(4) Multiple family quarters. One pickup station is for each building, unless
the buildings are grouped, so one pickup station can serve more than one building.
e. Truck Routes. The quantity of refuse accumulated daily within any one
collection area may vary. It is advisable to assign one truck to adjoining routes. The
truck crew can change the length of each route from day-to-day to allow for variations in
quantities and still cover its area on the scheduled weekly basis. Duplication and
overlapping of truck routes should be avoided. In order to collect refuse in a practical,
efficient, and economic manner, truck drivers should:
(1) Begin collecting materials at points farthest from disposal facilities so
there is a minimum of travel with a full load.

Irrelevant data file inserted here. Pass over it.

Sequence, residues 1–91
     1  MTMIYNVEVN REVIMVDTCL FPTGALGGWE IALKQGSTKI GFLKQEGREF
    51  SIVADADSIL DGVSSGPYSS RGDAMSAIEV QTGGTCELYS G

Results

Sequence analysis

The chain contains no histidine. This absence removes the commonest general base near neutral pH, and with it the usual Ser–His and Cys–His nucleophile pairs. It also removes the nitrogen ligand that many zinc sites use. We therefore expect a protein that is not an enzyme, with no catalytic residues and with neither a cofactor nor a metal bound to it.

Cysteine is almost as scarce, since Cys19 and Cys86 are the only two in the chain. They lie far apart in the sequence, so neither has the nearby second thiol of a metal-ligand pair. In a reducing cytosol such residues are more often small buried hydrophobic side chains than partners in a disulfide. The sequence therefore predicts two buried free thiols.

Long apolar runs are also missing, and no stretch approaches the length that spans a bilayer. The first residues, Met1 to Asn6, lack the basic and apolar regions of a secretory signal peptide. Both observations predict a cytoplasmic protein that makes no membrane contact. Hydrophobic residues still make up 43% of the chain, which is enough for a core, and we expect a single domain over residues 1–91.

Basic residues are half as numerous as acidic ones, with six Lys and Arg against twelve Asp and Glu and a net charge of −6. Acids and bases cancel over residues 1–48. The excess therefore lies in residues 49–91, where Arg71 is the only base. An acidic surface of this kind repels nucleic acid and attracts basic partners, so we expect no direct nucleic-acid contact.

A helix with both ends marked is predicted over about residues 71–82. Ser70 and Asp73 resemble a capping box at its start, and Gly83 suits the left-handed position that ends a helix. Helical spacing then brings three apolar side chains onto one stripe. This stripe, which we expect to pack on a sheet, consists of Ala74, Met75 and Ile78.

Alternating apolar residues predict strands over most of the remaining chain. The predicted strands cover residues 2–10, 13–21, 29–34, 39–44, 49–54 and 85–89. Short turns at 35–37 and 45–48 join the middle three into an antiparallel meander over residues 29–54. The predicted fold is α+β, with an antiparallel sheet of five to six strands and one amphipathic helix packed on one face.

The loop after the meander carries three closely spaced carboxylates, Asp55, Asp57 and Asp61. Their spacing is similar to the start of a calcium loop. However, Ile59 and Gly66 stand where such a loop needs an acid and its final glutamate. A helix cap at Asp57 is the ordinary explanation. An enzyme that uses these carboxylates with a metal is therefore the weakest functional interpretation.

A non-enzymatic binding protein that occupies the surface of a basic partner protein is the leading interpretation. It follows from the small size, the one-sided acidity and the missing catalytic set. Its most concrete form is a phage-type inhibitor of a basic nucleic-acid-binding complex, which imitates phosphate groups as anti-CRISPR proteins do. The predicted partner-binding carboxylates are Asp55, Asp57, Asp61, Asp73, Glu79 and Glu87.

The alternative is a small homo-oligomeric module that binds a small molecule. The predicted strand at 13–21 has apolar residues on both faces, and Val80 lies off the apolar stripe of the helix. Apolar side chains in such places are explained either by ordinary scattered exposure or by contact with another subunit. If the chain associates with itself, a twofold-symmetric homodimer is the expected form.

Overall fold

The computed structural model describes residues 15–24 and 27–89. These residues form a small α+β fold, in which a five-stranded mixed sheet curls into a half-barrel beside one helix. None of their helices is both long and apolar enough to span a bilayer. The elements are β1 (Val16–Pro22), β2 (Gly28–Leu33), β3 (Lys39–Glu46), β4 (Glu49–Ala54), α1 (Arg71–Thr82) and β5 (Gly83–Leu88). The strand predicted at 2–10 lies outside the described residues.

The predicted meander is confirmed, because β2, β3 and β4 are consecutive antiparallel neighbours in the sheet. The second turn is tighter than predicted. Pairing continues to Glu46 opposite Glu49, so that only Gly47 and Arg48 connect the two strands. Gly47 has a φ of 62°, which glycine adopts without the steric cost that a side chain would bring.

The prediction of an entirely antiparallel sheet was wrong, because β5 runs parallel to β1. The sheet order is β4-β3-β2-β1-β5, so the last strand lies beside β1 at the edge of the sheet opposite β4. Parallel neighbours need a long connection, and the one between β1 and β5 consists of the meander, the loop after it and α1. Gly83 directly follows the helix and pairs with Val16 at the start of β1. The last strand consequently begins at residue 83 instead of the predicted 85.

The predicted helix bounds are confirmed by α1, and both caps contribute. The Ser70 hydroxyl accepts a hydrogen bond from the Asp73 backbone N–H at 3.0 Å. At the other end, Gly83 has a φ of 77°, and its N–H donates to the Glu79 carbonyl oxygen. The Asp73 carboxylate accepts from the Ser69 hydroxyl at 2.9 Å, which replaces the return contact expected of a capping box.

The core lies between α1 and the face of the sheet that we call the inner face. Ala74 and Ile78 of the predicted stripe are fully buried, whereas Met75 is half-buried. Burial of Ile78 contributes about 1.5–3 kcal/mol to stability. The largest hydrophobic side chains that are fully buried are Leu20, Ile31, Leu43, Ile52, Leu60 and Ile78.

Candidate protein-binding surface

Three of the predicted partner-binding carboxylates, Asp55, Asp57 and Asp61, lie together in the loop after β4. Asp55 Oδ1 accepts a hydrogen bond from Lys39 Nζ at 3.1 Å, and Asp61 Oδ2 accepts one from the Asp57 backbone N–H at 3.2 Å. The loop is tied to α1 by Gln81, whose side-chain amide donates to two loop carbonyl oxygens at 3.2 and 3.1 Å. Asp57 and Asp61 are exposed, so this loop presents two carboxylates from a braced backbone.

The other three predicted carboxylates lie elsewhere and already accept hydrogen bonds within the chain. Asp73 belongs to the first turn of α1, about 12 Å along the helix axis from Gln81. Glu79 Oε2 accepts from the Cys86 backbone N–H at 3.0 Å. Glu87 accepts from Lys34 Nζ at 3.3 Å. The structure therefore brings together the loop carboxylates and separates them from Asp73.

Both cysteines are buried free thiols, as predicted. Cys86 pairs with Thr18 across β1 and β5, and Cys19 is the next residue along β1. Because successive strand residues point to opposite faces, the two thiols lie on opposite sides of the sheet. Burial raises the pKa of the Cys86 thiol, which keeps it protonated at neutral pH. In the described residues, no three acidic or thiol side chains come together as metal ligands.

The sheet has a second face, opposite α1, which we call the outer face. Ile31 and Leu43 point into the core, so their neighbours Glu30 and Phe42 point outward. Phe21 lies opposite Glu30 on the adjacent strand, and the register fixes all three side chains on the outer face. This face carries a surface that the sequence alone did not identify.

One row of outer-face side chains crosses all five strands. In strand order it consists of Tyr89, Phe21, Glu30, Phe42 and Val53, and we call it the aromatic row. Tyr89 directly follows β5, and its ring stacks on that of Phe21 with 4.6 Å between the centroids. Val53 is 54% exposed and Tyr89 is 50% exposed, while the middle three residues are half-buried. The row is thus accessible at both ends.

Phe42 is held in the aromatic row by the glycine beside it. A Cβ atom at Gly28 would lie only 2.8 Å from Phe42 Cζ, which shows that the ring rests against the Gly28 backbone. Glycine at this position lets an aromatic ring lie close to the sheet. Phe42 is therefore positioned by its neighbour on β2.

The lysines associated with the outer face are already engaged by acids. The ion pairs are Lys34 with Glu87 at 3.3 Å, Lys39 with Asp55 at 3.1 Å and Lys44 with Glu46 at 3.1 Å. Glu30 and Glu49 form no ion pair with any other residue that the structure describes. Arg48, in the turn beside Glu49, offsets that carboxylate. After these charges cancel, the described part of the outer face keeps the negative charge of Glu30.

(2) Consider dead-end and one-way streets when planning collection routes.
(3) Cover steep grades at the beginning of the route, when the truck is partly
(4) Study the road network and traffic patterns.
(5) Avoid roads and streets with heavy traffic during rush hours, whenever
(6) Use side streets and secondary roads instead of primary roads to avoid
f. On-Post and Off-Post Transportation.
(1) On-post transportation. The generator (any unit and tenant) of general
waste places it in the dumpster. The Director of Logistics (DOL) is responsible for
general refuse transportation.
NOTE: The transfer of wastes from one vehicle to another or from one container to
another will be minimized to reduce the potential for spills.
(2) Off-post transportation. The DOL (installation commander) is responsible
for ensuring that off-post transportation is in compliance with applicable regulations, the
Waste Management Plan, and the Resource Conservation and Recovery Act (RCRA)
(3) Transportation of hazardous waste.
(a) The DOL has accountability, physical custody, and will make
arrangements for proper off-post transportation of hazardous materials and waste. The
DEH monitors this as in paragraphs 1-26 and 1-27 of AR 200-1.